David Attenborough bringing ‘Extinction’ into sharp focus

Sheffield is one of the greenest big cities in the world and with the Peak District significantly inside the city boundary, has spectacular wildlife too. Yet the last century saw desperate declines as species became extinct, followed by remarkable resurgence.

Communicating about the natural world involves balancing shocking realities of human impact and keeping positive. To save the planet we must all do what we can and make things happen, especially on our own doorstep. The mantra has long-been ‘think global, act local’. Add up the little things and we can change the world for the better and save nature; we are a part of it and must take responsibility. In Sheffield for example, we witnessed amazingly strong local action over ‘street-trees’ which not only changed things here but resonated around the globe. You can change the world bit by bit. In south-east Sheffield protestors recently saved the Owlthorpe Meadows from housing development, and other groups took action to halt overdevelopment around Deepcar and Loxley. These examples say get involved, get organised, get informed, and take action for environmental democracy and all our futures. Rivers such as the Don, Rother, and Sheaf have ‘self-rewilded’ to become vibrant green corridors though urban areas. Deer, otters, voles, kingfishers, and herons today populate living arteries which only thirty years ago were dead and smelly. This change came about through local action groups from business, agencies, local authorities, and local communities. Pause momentarily in our suburbs and you see peregrines, buzzards, ravens, sparrowhawks, and even kites; all back and thriving with people in and part of nature. Again much depends on determined individuals and

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local, regional, or national groups – RSPB, Wildlife Trusts, Woodland Trust and

Red deer stag by Paul Biggs

others. Badgers, foxes, and deer all thrive in the region bringing pleasure to thousands of people every day. Extinction and global planetary impacts of humanity are central to twenty-first century issues and challenges. Clearly what we are doing is wrong and unsustainable, with nature in dire straits. Around the world indigenous peoples are driven to extinction, millions of people starve, agricultural soils erode, forests burn, deserts spread, rivers, lakes, and oceans are polluted. Furthermore, it seems politicians don’t care and are effectively impotent when addressing real issues of long-term survival. This is the root cause of the eruption of action groups such as ‘Extinction Rebellion’, whose approach is frowned on by many. But these mostly young people don’t see any alternative because nobody cares enough to sort the problems out – and it is their future. They genuinely fear the boat going down with us all on board! This brings me to the BBC’s latest nature spectacular with Sir David Attenborough – ‘Extinction’. There is a real downside to being a twenty-first century environmentalist; especially so if you ‘speak’ to a huge global audience. On one hand, nature and wildlife media (TV especially) are massively popular, providing opportunities to enthuse and engage with many people. In this role, Sir David Attenborough, now a ‘national treasure’, has wowed audiences for over sixty years. However, I think he is acutely aware of the potential sensibilities of audiences and how easy they might be lost. For example, for fear of offence, the BBC had to give careful thought to how graphically they present the moment of death in predator-prey kills. This also means that sometimes the Attenborough programmes have given rather rose-tinted views of a planet in which wildlife is often on its knees, going under for the last time. It was felt that too negative a view of the dire state of nature would put viewers off. A few years ago this began rumblings about the need to present not only the wonders of nature but the real harsh brutality of human impact and indeed, the consequences for us too. (Essentially, what goes around comes around as many experts have suggested is the situation with COVID for example, as something in-part triggered by dysfunctional nature). For anyone who tries to be a communicator and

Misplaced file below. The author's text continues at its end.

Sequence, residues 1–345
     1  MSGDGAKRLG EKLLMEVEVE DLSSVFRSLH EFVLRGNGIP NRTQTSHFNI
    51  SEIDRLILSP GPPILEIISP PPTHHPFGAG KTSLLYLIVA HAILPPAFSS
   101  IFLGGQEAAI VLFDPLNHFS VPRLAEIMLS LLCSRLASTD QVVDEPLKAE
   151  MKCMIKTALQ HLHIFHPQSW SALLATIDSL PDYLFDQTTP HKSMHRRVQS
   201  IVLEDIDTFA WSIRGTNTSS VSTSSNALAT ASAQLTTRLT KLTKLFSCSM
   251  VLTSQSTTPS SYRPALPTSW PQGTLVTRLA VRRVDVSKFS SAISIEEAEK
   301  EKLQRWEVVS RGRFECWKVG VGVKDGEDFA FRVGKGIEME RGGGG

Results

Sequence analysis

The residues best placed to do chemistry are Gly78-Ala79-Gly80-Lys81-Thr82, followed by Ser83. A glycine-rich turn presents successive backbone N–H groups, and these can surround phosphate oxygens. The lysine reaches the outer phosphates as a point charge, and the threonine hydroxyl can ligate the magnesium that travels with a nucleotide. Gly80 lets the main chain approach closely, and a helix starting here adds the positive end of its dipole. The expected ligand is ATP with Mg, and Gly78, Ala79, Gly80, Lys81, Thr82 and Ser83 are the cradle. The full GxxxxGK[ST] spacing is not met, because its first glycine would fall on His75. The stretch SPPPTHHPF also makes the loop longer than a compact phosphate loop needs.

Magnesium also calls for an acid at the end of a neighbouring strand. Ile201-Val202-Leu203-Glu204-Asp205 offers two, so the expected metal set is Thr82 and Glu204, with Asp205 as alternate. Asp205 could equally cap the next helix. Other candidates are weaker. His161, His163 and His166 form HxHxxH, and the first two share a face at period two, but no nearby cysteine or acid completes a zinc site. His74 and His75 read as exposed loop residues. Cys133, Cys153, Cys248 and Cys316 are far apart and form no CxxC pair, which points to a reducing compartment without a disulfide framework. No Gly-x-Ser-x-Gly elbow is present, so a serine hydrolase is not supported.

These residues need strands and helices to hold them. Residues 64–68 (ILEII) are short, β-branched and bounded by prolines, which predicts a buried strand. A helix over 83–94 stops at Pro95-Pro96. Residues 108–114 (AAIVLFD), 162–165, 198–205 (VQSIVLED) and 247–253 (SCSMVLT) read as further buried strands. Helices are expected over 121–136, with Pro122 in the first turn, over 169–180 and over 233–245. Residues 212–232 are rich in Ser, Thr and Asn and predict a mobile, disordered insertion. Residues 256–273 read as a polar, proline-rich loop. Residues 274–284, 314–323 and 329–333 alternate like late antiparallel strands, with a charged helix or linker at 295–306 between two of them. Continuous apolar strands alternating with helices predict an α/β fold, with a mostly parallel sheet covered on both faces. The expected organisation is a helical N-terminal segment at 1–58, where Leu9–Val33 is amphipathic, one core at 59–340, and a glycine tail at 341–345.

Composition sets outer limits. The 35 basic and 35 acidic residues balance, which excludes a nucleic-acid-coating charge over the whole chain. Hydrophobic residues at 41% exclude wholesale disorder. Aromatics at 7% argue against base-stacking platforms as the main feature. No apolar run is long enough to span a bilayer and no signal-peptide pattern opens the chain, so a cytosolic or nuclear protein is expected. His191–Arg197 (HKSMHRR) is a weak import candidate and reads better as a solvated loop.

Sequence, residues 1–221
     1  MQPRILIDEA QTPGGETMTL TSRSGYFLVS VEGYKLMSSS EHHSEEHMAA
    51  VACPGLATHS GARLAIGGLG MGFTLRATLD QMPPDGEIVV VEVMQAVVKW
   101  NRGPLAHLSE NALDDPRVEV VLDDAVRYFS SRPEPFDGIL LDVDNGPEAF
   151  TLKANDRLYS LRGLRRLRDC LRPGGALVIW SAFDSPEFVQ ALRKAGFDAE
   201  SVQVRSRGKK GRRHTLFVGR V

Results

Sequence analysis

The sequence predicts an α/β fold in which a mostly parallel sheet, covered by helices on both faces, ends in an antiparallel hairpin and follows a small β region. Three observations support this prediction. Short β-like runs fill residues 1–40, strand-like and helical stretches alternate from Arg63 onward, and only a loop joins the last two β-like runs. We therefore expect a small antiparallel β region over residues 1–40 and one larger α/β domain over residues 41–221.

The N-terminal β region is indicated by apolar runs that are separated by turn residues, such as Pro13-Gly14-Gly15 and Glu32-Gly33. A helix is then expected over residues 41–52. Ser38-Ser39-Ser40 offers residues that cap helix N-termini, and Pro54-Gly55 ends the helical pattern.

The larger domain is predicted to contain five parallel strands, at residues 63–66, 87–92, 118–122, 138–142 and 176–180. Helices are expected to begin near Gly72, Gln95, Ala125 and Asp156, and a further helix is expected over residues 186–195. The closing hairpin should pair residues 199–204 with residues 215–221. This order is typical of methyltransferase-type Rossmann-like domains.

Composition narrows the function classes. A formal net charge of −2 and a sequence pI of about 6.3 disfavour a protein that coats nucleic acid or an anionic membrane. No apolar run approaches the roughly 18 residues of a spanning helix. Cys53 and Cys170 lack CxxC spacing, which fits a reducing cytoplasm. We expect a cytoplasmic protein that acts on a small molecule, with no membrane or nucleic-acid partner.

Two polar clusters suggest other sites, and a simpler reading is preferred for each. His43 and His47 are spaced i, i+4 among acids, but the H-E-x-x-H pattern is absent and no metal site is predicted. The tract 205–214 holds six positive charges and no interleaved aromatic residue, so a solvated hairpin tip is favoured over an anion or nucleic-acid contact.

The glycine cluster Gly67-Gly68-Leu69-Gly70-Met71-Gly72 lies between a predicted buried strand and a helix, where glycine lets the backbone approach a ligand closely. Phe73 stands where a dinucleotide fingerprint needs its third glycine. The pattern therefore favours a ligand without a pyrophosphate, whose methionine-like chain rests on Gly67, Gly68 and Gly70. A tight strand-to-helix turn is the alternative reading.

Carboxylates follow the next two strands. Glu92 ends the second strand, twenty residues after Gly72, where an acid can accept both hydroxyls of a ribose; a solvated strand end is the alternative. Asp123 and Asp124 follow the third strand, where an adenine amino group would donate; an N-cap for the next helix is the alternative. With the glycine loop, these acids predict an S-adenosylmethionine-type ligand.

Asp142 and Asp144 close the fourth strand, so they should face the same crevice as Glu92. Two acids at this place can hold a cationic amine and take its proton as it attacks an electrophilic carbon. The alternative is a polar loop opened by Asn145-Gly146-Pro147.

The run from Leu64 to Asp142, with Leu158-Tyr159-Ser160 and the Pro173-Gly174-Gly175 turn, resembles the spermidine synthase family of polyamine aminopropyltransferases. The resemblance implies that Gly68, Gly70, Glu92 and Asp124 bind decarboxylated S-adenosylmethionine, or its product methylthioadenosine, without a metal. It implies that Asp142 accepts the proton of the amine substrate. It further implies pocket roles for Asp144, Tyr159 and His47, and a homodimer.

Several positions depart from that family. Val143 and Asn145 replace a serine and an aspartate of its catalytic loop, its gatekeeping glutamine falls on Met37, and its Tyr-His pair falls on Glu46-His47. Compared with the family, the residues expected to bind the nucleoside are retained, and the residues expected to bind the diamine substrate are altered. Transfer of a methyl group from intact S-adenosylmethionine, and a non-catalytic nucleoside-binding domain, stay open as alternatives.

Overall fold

an enthusiast for the natural world, and who hopes that in the process others will catch the bug as it were, there is a tightrope to walk between wonder, amazement and enthusiasm, and being the purveyor of some very bad news. The BBC and Sir David Attenborough made a significant change with ‘Blue Planet’ and the backstory features that brought issues of plastic pollution and micro-plastics very much to the fore of public debate. Indeed, this demonstrated the enormous power of the media and also of course, the responsibility that goes with it. The latest series ‘Extinction’ drives home this key message about nature, us, and our shared future. Watch, and be both amazed and at the same time, appalled in equal measure. You can make a difference by getting involved, taking action, talking to neighbours, and writing to MPs and councillors to ask what they are doing to help. Use social media to network and show you care. This is our future but when election time comes around expect silence, that is not good enough so make decision-makers look up. The ultimate responsibility lies with us at a local level. So get out, campaign for your green spaces and local wildlife, join action groups, the RSPB, and the Wildlife Trusts; and of course, rewild your own garden, and involve young people too.​​​​​​​​​​​​​​​​​​​​​​​​​​​​​​​​​​​

FROM THE EDITOR

Kingfishers mating

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Stag roaring on moors west of Sheffield
Brent Hardy captures battling territorial male kingfishers on the River Don